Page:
With the exception of two franchises (Washington and Oakland), NFL owners approved a competition committee proposal on Tuesday that moved one-point PAT kicks from the two-yard line to the 15 yard line, forcing kickers to convert 33-yard attempts to receive the point after touchdown. The idea promotes teams to go for two points and turn PAT situations from automatic conversions into true football plays.
While it's actually debatable what will transpire when teams apply a philosophy (aggressive/conservative) that matches their persona, there are decisions that will be made. PAT kicks were automatic and two-point conversions were applied when a losing team needed to make up monstrous ground. Now teams could apply the two-point conversion because it makes more sense -- would the Bengals trust a Jeremy Hill two-yard run with Domata Peko lead-blocking or Mike Nugent's leg, which was far more shaky last year during warmer months and ideal conditions?
"I understand the logic behind it. It makes sense," said Nugent via Bengals.com on Wednesday. "But I guess where I would disagree with it is it’s an offensive-driven game in every way. People want to see
True. On the other hand, the industry isn't driven by points. It's driven by entertainment, which forces a variable that requires viewers to watch the PAT, rather than get prepped for a 5-10 minute series of commercials and timeouts before the next offensive play (PAT, commercial, kickoff, commercial, play No. 1).
The story continues:
But Simmons wonders about a 33-yard PAT on Dec. 6 into the Dawg Pound, when the Bengals are scheduled to play in Cleveland. As opposed to the 33-yarder the Broncos have to make in San Diego on the same day. "I think the 91 percentage is high in some places like Baltimore. In some places like Cleveland and in some places like Pittsburgh,’ Simmons said of places the Bengals play every year. "Especially in December.
"I just have a little bit of a competitive-edge issues like a lot of guys that play in cold-weather climates as opposed to indoors in Indianapolis in December." It will be recalled the last time we saw Nugent, he was drilling a Bengals-long 57-yard field goal indoors in Indy on Jan. 4 in the Wild Card Game, a feat most likely not accomplished at Paul Brown Stadium. Nugent plans to kick his new PATs the same way.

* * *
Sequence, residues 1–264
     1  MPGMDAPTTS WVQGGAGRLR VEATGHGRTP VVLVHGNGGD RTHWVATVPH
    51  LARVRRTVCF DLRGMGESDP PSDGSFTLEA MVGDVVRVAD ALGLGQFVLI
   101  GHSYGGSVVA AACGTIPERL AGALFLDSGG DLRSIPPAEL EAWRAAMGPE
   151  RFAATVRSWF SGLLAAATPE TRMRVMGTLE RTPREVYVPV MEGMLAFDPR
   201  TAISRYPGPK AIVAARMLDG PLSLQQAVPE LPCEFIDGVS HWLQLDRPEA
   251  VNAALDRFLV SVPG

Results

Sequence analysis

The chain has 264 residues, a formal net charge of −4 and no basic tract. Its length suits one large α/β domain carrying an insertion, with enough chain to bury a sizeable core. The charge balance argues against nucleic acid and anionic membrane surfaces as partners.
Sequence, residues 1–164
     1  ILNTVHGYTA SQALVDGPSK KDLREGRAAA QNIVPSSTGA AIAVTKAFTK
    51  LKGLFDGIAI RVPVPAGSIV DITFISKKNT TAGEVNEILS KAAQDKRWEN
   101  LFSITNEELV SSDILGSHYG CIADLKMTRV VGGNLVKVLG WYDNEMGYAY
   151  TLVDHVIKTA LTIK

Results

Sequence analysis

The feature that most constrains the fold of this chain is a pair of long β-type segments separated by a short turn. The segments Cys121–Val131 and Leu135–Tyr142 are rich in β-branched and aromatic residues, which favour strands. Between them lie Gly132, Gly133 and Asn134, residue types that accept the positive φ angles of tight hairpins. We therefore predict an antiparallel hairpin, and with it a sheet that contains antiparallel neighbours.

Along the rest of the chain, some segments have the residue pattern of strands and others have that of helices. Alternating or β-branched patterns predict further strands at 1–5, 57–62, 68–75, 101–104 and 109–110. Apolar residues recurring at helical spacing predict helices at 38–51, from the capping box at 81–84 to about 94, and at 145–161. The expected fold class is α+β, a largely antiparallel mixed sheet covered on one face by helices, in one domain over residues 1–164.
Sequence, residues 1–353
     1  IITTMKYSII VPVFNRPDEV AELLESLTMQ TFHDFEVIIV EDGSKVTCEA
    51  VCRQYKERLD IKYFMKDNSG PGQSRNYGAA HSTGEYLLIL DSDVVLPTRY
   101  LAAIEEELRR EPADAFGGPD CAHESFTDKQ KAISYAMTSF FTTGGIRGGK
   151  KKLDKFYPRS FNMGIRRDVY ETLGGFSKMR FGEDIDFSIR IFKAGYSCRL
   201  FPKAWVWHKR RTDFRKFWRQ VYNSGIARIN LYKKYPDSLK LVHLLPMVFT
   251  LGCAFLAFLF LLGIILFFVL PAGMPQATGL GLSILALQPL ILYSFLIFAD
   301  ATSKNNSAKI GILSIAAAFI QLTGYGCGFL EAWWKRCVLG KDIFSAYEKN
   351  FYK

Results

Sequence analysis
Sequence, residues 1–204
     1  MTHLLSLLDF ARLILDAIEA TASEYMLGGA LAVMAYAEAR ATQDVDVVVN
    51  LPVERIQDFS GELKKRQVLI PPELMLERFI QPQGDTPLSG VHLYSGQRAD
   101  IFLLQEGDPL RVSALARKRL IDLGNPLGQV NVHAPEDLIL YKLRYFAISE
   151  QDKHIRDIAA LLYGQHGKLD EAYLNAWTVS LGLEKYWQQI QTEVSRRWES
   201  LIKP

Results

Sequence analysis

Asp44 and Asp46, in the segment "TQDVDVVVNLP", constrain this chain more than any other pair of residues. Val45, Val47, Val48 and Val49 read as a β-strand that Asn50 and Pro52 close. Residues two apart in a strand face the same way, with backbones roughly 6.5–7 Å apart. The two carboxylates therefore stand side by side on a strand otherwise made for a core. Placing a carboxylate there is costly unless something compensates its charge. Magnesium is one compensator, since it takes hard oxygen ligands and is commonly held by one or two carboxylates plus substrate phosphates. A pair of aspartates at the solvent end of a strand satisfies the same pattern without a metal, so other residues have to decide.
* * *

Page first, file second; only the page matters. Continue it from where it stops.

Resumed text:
What I don't understand is the argument regarding competitive advantages between December conditions in Cincinnati, Cleveland, or Pittsburgh, compared to the ideal conditions in the south and west. Both kickers are playing in identical conditions during those games; it's not like Nugent will attempt point after kicks in Cincinnati while Greg Zuerlein makes those kicks in the same game between the Bengals and Rams this season.
In fact, wouldn't the "awful winter conditions" favor kickers like Mike Nugent who are used to cold and windy conditions in December, as opposed to great-weathered (or domed) kickers?
This is a point that special teams coach Darrin Simmons concedes:
But for an AFC North team like the Bengals, Simmons thinks the longer PAT underlines having "stong, accurate kickers that can deal with the elements." He loves the fact that Ohio State’s Nugent and University of Cincinnati punter
Kevin Hubergrew up and stayed here, Huber on the East side of Cincinnati and Nugent near Dayton.
"It’s great that we have Kevin and Mike who have played high school, college and NFL here," Simmons said. "There is something to that."
What's the recent history of weather for Bengals games?
During the last five seasons, Cincinnati has hosted 14 games during the months of December and January. Four of those games had a kickoff temperature below 32 degrees, and only one was played in those conditions since 2013. There have been horrible winter games played in Cincinnati and there will be in the future. Yet, let's not pretend that every game played in Cincinnati faces blizzard-like conditions. Four of last six games played in Cincinnati after Dec. 1 were played in 42 degrees or higher temperatures and only one had significant precipitation (rain against the Broncos on Monday Night Football).
The Bengals have played eight games in cold-weather cities since 2010; of those games, only one was played in temperatures below freezing.
Going for two points is just smart.
Does the league's insistence on making a rule change to inject excitement into that PAT benefit or disrupt Cincinnati's ability to make longer conversions? The competitive advantages with AFC North teams is theoretical, as is the counter-argument regarding those conditions. These are interesting questions.
What will be more interesting is how a head coach determines when to go for one or two. Will Marvin Lewis be more aggressive to get two points or rely a 33-yard PAT? During the Marvin Lewis era, the Bengals have attempted 20 two-point conversions... they've converted seven.
Now things have changed. Instead of attempting a two-point PAT due a fourth-quarter deficit, teams could apply the two-point conversion as the smarter option. Now that makes things exciting.